Imagine if I told you that a law had been passed specifically to allow the following circumstance:
Adam and Kirsty are shacked up together but neither is prepared to commit to any long-lasting relationship, let alone sign up “’til death do us part”.
Adam is a journalist and Kirsty is a social worker. They both desire a child, but Kirsty doesn’t want stretch marks and has work travel commitments over the next few months anyway. Luckily, she also knows a doctor that is prepared to certify that pregnancy would severely impact her health.
They both know another nice couple. John is divorced and married to his second wife, Faye. Faye has a social conscience and has agreed to hand over some of her eggs.
Adam and Kirsty also peruse through a catalogue and settle on a caring man called Steve. He has blonde hair, blue eyes, is a non-smoking vegetarian and says that he is a law graduate who likes helping disadvantaged women in Vietnam.
He’s kindly left a deposit in a plastic bag in a freezer in some sperm bank for all and sundry to use.
Negotiations go well, the lawyers and counsellors are satisfied and all parties sign up to a non-enforceable surrogacy arrangement.
Faye’s eggs are mixed with Steve’s sperm and a number of embryos are created. Some are destroyed, some are frozen and some are implanted in the womb of Adam and Kirsty’s old next door neighbour, Sally.
Sally moved away some time ago and now lives in a polyamorus relationship with another woman and two blokes. Her primary partner is Chris, a fitness instructor at the local gym. Life is pretty good and she wants to “give” something back to “society” but doesn’t want the “responsibility” of raising a child.
It’s agreed that Sally will have the kid and Adam and Kirsty will take it home from hospital.
Ok, you can stop imagining for a second. You probably wanted to get out of that nightmare anyway.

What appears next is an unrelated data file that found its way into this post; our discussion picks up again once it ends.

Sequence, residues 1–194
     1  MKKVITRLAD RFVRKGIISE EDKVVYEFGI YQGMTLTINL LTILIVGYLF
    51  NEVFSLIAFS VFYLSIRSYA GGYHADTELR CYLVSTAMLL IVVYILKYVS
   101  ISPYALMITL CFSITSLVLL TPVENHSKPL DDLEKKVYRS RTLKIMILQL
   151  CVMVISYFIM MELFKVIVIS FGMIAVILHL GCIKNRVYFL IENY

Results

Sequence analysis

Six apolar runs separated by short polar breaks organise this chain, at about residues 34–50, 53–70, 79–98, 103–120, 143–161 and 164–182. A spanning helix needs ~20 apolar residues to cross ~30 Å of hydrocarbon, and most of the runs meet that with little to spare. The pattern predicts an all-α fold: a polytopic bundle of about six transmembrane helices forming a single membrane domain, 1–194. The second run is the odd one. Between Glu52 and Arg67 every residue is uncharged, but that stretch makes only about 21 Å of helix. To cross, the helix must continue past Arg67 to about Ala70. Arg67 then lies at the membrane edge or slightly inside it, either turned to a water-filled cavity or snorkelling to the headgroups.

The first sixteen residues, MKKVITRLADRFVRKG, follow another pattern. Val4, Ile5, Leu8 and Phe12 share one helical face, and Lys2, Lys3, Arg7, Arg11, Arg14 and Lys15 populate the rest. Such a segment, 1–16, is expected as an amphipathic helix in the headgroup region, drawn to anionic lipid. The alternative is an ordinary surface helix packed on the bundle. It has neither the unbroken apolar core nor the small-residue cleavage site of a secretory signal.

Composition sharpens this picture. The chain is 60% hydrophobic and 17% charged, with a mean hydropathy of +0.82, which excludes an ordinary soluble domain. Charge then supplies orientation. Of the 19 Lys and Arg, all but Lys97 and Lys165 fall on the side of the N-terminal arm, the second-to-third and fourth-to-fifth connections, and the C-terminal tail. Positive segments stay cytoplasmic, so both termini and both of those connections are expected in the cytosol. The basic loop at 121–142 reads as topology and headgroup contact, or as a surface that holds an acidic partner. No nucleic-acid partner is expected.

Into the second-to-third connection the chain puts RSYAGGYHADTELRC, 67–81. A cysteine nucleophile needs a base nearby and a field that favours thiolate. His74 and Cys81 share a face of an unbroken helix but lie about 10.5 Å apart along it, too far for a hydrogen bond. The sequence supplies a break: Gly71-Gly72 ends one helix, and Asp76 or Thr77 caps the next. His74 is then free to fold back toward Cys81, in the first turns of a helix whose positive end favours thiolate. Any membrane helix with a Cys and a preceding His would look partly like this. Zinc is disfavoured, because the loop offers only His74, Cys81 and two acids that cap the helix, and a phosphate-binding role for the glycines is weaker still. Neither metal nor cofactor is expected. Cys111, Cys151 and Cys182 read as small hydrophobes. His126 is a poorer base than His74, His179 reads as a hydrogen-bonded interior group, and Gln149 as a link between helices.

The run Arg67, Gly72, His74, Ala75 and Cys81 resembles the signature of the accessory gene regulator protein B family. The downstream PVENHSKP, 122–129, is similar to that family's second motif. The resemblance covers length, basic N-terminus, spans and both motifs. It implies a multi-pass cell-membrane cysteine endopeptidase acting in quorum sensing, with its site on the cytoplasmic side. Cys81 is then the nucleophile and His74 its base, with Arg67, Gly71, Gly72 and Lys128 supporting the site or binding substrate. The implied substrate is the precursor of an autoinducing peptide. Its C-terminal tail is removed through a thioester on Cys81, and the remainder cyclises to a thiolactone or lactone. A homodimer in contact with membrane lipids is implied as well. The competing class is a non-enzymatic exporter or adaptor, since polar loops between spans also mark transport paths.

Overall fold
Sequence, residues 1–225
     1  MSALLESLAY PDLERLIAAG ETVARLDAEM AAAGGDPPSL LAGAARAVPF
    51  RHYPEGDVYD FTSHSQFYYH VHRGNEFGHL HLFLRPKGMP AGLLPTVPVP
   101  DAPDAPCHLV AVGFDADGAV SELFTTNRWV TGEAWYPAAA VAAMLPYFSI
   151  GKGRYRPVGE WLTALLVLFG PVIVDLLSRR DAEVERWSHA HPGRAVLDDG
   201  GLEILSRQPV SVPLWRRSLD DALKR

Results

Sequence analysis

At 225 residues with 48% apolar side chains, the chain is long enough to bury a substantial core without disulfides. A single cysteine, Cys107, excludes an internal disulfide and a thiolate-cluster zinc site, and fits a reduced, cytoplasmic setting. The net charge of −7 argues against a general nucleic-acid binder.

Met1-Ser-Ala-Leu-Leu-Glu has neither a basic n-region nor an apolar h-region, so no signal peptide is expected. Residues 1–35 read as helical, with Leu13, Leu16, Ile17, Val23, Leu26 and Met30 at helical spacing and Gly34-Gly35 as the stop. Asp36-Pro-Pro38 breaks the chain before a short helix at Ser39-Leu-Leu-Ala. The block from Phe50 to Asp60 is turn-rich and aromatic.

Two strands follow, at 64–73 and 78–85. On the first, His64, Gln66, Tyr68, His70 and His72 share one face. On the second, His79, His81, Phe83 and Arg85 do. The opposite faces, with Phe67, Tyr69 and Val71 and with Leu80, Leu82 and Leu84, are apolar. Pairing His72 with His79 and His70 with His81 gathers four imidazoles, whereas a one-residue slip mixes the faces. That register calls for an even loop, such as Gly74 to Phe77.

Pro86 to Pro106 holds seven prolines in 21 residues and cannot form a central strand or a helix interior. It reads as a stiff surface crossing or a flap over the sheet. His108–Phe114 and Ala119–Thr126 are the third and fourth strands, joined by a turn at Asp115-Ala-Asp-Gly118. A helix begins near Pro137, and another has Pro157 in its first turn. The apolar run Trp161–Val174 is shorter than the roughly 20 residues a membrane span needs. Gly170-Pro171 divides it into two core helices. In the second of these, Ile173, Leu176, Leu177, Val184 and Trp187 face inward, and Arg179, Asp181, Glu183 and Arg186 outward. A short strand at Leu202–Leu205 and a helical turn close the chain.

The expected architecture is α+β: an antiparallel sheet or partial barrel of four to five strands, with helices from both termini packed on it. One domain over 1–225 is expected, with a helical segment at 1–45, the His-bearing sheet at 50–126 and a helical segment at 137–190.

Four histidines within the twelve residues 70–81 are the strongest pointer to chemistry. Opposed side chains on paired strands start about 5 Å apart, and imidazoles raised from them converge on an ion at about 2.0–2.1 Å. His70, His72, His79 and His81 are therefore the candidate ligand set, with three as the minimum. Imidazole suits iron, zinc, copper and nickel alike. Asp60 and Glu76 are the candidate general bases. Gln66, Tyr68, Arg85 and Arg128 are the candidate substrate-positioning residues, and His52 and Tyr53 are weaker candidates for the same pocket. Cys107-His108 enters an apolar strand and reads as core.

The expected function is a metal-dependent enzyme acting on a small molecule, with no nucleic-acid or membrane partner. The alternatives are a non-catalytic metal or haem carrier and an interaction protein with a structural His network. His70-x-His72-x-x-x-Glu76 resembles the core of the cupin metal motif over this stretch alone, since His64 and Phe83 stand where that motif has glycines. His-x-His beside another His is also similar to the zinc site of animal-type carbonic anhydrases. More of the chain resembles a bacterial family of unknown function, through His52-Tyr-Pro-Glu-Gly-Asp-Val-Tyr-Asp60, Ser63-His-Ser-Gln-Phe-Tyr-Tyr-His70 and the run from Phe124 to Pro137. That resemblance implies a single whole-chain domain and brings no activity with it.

Unfortunately, you’re about to get a dose of brutal reality.
That’s because Queensland has passed a law that specifically allows the above scenario. Apparently it’s what our politicians think is a productive use of their taxpayer funded salaries.
And before you start getting all political on me and move to bang on the “It’s all Labor’s fault” button, step back and accept the truth.
The first party to introduce surrogacy laws into Queensland Parliament was the LNP. That stands for Liberal National Party. And they must have thought it was bloody important because they did it from opposition. And in the whole of 2009 they could only manage to propose seven bills. It was one of them.
Finally, just like their compadres in Victoria, who have turned a blind eye to the worst abortion laws in the Western World, this bunch have been in government for half a term and still ignored this little problem.
There really is no difference whatsoever between the Emily’s List Labor politicians and the nice pro-life guys on the other side. Labor legalises immorality and the Liberals make it mainstream.
Anyway, back to our daydream.
Before too long, Sally’s glowing with the good news that twins are on the way.
This wasn’t expected and did not form part of the non-enforceable surrogacy arrangement.
Now, if you don’t believe me that a government would create a non-enforceable law for surrogacy, just look at the Queensland Government website. In the section titled “What is legal under the Surrogacy Act 2010” it states: